Managers have hard jobs. They coordinate the work of their teams, align this work with company goals, serve as a primary source of professional development for their employees, deliver results,…
The holy grail of today’s workplace is high employee engagement. According to Gallup’s oft-cited research on the topic, just about one-third of U.S. employees are engaged on the job. That number drops to 13% worldwide, and has held steady for years. Many companies are investing heavily to identify what leads to high engagement in order to motivate employees, thereby increasing their happiness and productivity.
We think this is important. But based on our research with several large companies, we want to offer a word of caution: Engagement is often an ambiguous term. Depending on how it’s measured, engagement could represent job satisfaction, emotional investment in the cause, willingness to invest discretionary effort, or advocating for the company as a good place to work. While many studies suggest that increased employee engagement leads to improved business results in aggregate, a deeper look at the data suggests that this may not always be true at an individual level.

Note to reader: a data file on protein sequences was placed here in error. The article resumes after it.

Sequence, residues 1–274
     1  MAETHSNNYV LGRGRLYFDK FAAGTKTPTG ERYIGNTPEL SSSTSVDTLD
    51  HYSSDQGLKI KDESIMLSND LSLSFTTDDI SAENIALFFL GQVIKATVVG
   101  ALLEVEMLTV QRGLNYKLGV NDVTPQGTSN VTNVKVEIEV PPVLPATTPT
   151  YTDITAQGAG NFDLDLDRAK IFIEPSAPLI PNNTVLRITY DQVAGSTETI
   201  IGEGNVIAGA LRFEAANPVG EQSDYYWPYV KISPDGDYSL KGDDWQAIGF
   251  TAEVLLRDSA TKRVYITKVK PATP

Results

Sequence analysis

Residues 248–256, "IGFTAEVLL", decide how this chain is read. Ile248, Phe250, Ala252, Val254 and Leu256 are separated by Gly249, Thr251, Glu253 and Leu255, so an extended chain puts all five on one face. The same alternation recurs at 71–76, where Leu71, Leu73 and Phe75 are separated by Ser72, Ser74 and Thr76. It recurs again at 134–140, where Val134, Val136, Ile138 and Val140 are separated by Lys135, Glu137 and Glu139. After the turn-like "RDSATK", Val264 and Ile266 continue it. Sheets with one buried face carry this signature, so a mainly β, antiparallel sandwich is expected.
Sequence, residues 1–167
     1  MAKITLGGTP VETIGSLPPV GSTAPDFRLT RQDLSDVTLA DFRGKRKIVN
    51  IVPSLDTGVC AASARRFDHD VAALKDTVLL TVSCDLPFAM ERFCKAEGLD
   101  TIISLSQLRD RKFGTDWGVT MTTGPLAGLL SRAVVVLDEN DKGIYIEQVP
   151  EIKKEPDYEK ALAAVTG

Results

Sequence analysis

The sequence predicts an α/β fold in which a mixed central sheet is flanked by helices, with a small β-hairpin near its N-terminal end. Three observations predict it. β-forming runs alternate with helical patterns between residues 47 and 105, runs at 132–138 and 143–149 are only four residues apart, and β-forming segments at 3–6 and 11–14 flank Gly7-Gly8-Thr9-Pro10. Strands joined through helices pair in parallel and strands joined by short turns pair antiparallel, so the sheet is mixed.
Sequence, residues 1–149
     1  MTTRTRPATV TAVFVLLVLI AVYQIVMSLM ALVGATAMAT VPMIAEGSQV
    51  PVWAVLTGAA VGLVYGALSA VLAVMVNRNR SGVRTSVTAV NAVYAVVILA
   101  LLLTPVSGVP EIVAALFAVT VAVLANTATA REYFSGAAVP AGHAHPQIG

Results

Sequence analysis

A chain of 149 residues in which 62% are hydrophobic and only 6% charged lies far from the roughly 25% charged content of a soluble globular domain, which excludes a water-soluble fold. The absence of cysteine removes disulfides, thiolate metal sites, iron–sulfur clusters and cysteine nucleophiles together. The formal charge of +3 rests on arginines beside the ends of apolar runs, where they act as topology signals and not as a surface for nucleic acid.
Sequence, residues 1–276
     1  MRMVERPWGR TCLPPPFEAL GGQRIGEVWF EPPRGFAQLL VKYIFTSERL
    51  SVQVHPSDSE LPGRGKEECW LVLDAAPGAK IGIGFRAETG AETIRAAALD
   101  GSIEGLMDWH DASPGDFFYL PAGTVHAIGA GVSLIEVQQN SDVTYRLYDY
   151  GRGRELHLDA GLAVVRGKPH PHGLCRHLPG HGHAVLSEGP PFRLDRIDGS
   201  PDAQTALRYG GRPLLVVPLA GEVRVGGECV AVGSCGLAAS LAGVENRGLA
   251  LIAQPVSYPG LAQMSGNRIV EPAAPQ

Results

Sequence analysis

Working with two Fortune 100 companies, we looked to test the assumption that highly engaged employees are more productive. The lack of good productivity metrics for most knowledge worker functions (as opposed to clear benchmark numbers for salespeople, for example) makes it difficult to quantify output at an individual level, so we turned to our Microsoft Workplace Analytics product, which uses de-identified calendar and email data to look for a relationship between inputs (working hours, time with manager, network size for example) and engagement.
This article was published onHARVARD BUSINESS REVIEW